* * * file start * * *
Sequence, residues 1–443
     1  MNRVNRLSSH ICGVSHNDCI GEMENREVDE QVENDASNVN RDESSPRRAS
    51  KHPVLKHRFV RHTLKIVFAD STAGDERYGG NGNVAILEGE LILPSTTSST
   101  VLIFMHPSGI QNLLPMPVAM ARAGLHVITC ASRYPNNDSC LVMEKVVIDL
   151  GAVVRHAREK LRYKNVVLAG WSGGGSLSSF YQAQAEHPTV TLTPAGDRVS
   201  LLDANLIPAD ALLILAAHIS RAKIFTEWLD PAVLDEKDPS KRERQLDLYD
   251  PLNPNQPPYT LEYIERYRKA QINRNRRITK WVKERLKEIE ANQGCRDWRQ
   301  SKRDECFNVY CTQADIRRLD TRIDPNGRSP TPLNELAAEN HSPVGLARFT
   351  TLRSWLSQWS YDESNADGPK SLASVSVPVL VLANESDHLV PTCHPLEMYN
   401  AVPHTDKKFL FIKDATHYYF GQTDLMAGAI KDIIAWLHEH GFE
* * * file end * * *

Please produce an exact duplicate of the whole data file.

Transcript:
Sequence, residues 1–443
     1  MNRVNRLSSH ICGVSHNDCI GEMENREVDE QVENDASNVN RDESSPRRAS
    51  KHPVLKHRFV RHTLKIVFAD STAGDERYGG NGNVAILEGE LILPSTTSST
   101  VLIFMHPSGI QNLLPMPVAM ARAGLHVITC ASRYPNNDSC LVMEKVVIDL
   151  GAVVRHAREK LRYKNVVLAG WSGGGSLSSF YQAQAEHPTV TLTPAGDRVS
   201  LLDANLIPAD ALLILAAHIS RAKIFTEWLD PAVLDEKDPS KRERQLDLYD
   251  PLNPNQPPYT LEYIERYRKA QINRNRRITK WVKERLKEIE ANQGCRDWRQ
   301  SKRDECFNVY CTQADIRRLD TRIDPNGRSP TPLNELAAEN HSPVGLARFT
   351  TLRSWLSQWS YDESNADGPK SLASVSVPVL VLANESDHLV PTCHPLEMYN
   401  AVPHTDKKFL FIKDATHYYF GQTDLMAGAI KDIIAWLHEH GFE